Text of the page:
By Keshia Hannam
October 26, 2017

This year is going to go down as the worst year on record for brick-and-mortar retail.

Retailers have announced plans to shutter more than 6,700 stores across the U.S. this year, CNN cited retail think-tank Fung Global Retail & Technology as saying. That beats the previous all-time high of 6,163 store closings that occurred during the 2008 financial meltdown (according to estimates by Credit Suisse).

The trend gathered pace again Wednesday as Walgreens’ (wba) revealed it intends to close about 600 locations. The drug store chain recently struck a deal to acquire 1,932 Rite Aid (rad) stores and as a result, those Rite Aid locations nearest to already-existing stores have become redundant.

Online shopping and fast fashion have made inroads nearly everywhere in the sector. The Wall Street Journal reported Nike (nike) as telling investors Wednesday that it expects more of its sales to move online, saying that “undifferentiated, mediocre retail won’t survive. Department store Nordstrom (jwn), meanwhile, said earlier this week it expected half of its sales to be online within five years. And while department stores have been especially hard hit (Sears and Kmart being prime examples), the trend has also hit more specialized retailers from The Limited to Gap and Foot Locker.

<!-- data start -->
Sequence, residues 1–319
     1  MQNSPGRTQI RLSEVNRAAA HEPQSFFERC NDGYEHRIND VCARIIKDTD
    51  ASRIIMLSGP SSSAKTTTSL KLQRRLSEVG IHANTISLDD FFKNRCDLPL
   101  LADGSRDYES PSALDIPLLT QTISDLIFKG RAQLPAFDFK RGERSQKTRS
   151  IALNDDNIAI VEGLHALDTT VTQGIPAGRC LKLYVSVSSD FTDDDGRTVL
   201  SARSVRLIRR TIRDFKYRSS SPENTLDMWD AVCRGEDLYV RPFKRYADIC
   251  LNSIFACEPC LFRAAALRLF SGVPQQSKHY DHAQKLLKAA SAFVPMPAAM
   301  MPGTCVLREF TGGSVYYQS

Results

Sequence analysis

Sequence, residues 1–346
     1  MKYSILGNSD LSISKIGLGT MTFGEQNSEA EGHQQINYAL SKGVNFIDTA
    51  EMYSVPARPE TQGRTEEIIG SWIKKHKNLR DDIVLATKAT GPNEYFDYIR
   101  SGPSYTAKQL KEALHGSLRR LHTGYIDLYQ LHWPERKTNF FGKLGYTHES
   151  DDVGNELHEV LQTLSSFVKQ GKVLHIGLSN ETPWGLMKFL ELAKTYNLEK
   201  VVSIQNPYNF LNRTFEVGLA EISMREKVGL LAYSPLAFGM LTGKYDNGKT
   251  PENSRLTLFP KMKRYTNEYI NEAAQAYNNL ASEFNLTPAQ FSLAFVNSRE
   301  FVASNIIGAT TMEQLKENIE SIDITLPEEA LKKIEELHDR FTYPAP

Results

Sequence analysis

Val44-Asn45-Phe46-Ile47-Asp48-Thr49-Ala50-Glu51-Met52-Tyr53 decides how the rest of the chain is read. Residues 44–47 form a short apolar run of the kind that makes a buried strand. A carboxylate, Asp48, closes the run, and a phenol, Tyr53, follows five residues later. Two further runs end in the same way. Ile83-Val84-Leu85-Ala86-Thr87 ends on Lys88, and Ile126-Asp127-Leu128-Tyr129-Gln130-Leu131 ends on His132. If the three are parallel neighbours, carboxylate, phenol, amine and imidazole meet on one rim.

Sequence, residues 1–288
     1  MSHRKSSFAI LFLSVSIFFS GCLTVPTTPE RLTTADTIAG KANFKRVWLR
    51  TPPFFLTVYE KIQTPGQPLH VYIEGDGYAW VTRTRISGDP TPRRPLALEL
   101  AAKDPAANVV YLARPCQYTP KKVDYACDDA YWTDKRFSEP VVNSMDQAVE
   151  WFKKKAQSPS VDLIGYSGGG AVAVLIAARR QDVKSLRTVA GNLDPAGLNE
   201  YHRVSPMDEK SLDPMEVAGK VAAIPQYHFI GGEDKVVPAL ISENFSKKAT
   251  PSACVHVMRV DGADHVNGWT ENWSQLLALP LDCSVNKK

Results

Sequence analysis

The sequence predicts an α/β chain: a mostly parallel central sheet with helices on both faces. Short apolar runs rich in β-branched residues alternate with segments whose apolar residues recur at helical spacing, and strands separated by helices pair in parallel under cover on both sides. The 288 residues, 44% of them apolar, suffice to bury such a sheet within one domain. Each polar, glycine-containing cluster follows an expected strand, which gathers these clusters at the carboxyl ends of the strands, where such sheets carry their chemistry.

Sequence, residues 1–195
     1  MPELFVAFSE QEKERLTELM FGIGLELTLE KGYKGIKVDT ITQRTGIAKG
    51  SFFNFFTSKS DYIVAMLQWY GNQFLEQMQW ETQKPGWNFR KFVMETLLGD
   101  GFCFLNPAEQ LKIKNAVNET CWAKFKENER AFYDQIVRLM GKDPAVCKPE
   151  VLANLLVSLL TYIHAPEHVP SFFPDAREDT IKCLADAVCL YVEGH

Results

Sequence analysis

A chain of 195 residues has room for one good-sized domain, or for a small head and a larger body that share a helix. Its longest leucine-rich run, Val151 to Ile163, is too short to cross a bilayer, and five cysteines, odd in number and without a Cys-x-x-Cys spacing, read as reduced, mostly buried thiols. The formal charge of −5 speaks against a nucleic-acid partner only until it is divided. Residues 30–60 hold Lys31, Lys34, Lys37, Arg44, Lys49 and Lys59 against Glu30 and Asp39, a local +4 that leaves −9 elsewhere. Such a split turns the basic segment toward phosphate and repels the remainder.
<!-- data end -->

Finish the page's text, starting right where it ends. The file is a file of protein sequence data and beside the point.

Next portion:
Analysts have approached the end of 2017 with a bleak outlook, expecting the year’s final total of store closures to be woefully high. Back in April, Credit Suisse released a report projecting figures as high as 8,600 store closures by the year’s end. That’s around 147 million square feet of retail space.

More than 300 retailers had filed for bankruptcy as of June this year, according to data from BankruptcyData.com.

 

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